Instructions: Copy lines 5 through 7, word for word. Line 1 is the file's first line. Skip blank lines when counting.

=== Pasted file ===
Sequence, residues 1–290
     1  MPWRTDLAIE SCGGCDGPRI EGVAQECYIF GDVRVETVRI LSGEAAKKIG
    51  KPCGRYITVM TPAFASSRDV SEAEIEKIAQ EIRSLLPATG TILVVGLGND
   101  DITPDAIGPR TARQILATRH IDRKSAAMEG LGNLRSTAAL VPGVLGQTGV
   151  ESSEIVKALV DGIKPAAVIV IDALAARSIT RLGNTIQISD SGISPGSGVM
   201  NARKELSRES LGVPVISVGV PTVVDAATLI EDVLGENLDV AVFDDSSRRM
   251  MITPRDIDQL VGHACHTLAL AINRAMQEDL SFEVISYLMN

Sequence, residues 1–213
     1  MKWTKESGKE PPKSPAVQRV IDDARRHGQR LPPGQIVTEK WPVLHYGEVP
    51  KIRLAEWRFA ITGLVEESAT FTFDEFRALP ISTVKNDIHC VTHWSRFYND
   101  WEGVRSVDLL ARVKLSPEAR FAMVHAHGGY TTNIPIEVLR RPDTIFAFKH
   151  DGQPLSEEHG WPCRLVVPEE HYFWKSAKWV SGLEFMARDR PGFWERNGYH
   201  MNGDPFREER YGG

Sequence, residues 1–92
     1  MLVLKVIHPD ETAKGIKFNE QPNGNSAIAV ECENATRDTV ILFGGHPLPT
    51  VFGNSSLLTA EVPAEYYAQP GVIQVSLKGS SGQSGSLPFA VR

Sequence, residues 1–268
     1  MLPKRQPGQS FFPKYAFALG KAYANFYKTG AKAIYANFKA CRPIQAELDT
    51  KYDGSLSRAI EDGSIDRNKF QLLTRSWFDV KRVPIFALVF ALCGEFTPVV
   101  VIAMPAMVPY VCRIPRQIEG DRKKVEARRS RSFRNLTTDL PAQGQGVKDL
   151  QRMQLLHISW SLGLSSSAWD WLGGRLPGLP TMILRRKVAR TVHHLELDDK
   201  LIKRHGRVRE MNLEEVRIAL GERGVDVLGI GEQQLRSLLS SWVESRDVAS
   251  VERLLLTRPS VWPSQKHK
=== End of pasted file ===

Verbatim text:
   151  ESSEIVKALV DGIKPAAVIV IDALAARSIT RLGNTIQISD SGISPGSGVM
   201  NARKELSRES LGVPVISVGV PTVVDAATLI EDVLGENLDV AVFDDSSRRM
   251  MITPRDIDQL VGHACHTLAL AINRAMQEDL SFEVISYLMN